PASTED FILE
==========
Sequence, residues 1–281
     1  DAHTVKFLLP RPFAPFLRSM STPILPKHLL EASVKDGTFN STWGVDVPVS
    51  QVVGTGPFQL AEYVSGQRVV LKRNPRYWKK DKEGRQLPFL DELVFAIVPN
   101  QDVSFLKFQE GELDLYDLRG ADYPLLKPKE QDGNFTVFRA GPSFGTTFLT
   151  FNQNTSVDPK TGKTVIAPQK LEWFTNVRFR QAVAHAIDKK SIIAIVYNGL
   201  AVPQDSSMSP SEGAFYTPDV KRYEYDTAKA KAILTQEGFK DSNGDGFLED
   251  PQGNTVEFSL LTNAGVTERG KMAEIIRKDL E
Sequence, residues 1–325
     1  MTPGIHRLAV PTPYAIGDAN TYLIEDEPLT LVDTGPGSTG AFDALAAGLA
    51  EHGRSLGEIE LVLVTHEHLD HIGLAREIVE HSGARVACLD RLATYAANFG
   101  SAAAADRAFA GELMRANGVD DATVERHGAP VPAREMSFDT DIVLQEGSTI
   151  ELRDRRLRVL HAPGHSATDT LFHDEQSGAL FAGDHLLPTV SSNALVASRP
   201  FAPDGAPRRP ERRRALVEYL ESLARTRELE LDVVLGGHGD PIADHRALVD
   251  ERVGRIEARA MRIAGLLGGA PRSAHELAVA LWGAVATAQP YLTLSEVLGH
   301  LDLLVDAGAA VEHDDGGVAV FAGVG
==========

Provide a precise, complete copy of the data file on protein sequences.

Sequence, residues 1–281
     1  DAHTVKFLLP RPFAPFLRSM STPILPKHLL EASVKDGTFN STWGVDVPVS
    51  QVVGTGPFQL AEYVSGQRVV LKRNPRYWKK DKEGRQLPFL DELVFAIVPN
   101  QDVSFLKFQE GELDLYDLRG ADYPLLKPKE QDGNFTVFRA GPSFGTTFLT
   151  FNQNTSVDPK TGKTVIAPQK LEWFTNVRFR QAVAHAIDKK SIIAIVYNGL
   201  AVPQDSSMSP SEGAFYTPDV KRYEYDTAKA KAILTQEGFK DSNGDGFLED
   251  PQGNTVEFSL LTNAGVTERG KMAEIIRKDL E
Sequence, residues 1–325
     1  MTPGIHRLAV PTPYAIGDAN TYLIEDEPLT LVDTGPGSTG AFDALAAGLA
    51  EHGRSLGEIE LVLVTHEHLD HIGLAREIVE HSGARVACLD RLATYAANFG
   101  SAAAADRAFA GELMRANGVD DATVERHGAP VPAREMSFDT DIVLQEGSTI
   151  ELRDRRLRVL HAPGHSATDT LFHDEQSGAL FAGDHLLPTV SSNALVASRP
   201  FAPDGAPRRP ERRRALVEYL ESLARTRELE LDVVLGGHGD PIADHRALVD
   251  ERVGRIEARA MRIAGLLGGA PRSAHELAVA LWGAVATAQP YLTLSEVLGH
   301  LDLLVDAGAA VEHDDGGVAV FAGVG